Dante’s Divine Comedy
Instructor: Prof. Maggie Fritz-Morkin (firstname.lastname@example.org)
Dante’s Divine Comedy introduces English-speaking undergraduates to Dante’s three-part vision of the afterlife, which he wrote amidst the socio-political upheaval of Florence at the turn of the 14th century. At once an homage to ancient authors, a scathing tabloid of contemporary Italy, a sublime love story, a hallucinatory dream-vision, and an encyclopedia of theological and scientific knowledge, the Comedy invites many kinds of interpretation. Through lectures, small group discussions, contact with manuscripts in Wilson Library’s Special Collections, and coursework, students will address the following questions: How does Dante’s Comedy express his political, ethical, religious, and aesthetic values? Why does Dante respond to political and personal crises through poetry? How can we unfold the layers of meaning in a complex, wide-ranging text? How have images reinterpreted Dante’s masterpiece in different historical moments? Assignments will ask students to engage with Dante’s magnum opus in a variety of ways that are both analytic and creative.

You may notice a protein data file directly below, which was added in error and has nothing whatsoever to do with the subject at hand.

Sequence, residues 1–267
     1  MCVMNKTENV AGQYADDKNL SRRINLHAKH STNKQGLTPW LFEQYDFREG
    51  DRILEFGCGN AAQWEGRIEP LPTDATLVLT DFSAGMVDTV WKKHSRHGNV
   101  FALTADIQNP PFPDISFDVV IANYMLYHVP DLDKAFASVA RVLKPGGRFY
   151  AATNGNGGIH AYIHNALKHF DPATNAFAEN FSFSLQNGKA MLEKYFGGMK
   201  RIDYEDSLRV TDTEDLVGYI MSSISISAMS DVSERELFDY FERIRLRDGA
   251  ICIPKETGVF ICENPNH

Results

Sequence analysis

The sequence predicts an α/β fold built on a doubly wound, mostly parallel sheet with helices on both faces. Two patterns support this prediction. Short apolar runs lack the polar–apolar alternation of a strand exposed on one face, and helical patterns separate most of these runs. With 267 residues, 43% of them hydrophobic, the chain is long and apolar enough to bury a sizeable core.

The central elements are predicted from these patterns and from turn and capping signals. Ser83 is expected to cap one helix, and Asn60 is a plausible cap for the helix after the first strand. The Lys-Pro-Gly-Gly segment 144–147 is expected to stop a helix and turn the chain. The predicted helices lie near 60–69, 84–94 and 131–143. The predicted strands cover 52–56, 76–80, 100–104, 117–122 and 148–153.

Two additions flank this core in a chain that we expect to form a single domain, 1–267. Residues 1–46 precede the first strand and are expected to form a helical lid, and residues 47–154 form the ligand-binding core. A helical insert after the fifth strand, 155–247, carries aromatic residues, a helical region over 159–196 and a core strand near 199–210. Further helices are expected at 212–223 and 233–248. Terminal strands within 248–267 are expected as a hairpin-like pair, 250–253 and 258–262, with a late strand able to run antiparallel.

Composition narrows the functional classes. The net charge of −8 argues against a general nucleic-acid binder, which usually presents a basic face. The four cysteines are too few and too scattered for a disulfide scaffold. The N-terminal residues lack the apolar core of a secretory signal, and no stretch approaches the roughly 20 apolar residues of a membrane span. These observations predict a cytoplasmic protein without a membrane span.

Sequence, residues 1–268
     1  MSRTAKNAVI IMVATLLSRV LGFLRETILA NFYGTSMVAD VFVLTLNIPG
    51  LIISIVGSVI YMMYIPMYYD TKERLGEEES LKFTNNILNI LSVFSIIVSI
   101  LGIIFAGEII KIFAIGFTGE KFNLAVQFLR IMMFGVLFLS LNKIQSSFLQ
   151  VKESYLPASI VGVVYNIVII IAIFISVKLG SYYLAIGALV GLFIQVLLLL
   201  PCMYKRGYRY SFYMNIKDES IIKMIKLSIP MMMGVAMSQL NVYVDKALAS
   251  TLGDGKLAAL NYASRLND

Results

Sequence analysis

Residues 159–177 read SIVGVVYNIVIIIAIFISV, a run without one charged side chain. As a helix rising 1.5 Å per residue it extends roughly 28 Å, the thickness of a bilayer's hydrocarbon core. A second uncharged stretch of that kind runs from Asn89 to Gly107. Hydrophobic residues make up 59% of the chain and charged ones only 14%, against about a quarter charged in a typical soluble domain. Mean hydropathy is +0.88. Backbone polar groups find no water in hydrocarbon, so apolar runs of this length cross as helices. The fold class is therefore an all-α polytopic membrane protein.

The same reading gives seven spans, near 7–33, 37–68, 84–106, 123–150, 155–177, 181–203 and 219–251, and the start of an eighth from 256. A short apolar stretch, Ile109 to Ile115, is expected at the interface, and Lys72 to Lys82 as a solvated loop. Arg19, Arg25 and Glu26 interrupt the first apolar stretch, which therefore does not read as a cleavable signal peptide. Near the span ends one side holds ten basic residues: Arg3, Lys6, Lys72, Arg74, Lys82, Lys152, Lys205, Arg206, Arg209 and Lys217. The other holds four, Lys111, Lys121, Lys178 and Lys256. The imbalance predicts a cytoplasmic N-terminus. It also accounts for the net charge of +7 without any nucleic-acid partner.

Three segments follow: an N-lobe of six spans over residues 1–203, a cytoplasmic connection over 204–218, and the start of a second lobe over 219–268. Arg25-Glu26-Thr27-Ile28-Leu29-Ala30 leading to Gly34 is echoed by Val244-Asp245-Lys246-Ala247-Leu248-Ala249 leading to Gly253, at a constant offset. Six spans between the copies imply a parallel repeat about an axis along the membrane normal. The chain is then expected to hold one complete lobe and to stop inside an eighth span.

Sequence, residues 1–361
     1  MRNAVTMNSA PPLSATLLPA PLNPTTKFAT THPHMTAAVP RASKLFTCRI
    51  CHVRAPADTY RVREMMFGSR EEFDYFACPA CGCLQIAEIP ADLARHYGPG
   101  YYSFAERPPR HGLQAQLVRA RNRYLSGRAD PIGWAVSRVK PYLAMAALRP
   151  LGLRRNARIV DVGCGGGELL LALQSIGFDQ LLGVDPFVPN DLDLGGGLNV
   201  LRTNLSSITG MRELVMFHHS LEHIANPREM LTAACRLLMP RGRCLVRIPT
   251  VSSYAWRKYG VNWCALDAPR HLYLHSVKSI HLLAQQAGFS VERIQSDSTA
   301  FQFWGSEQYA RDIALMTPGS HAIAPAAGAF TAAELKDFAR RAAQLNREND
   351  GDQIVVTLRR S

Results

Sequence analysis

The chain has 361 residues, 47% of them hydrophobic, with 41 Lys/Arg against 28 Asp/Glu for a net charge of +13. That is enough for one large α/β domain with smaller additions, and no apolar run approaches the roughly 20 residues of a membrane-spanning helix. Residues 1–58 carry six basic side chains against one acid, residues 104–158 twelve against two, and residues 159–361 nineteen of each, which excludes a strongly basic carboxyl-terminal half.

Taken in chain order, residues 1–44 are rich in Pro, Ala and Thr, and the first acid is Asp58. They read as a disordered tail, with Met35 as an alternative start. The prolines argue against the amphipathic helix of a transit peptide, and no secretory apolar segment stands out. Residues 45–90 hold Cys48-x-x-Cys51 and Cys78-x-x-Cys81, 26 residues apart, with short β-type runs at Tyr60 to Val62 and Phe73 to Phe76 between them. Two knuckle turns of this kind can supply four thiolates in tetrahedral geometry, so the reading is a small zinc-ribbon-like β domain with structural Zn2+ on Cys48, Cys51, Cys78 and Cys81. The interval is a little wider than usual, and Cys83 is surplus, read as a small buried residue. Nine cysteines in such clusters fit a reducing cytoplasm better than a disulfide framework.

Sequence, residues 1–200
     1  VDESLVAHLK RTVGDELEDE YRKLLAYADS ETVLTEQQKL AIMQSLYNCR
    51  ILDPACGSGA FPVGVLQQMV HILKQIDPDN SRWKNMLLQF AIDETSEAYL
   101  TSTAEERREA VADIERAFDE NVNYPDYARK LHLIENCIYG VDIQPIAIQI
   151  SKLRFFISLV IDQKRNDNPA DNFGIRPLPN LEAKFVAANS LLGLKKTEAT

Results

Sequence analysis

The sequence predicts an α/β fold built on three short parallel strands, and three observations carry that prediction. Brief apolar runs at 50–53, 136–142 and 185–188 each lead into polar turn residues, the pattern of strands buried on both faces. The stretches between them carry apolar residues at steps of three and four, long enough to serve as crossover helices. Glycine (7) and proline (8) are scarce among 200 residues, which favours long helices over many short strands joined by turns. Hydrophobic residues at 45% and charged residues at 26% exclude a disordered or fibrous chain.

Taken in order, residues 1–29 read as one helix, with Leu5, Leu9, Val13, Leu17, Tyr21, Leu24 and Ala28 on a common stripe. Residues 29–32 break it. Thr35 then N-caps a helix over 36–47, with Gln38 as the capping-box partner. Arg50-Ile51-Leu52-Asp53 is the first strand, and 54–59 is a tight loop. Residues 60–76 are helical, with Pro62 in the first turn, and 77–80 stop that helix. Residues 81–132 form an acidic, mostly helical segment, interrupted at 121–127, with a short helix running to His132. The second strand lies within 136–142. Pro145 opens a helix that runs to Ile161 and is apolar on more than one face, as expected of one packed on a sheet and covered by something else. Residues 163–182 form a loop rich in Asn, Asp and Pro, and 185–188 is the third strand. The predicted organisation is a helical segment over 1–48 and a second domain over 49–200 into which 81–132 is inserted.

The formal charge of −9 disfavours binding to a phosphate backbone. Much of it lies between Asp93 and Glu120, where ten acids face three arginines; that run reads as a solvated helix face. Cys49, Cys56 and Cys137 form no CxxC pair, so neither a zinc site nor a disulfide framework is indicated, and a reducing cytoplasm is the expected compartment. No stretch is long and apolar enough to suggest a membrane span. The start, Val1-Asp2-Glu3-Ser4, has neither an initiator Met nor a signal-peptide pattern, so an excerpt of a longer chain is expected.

Fulfills Literary Arts (LA) and World Before 1750 (WB) General Education requirements
Counts as elective for Italian Major and Minor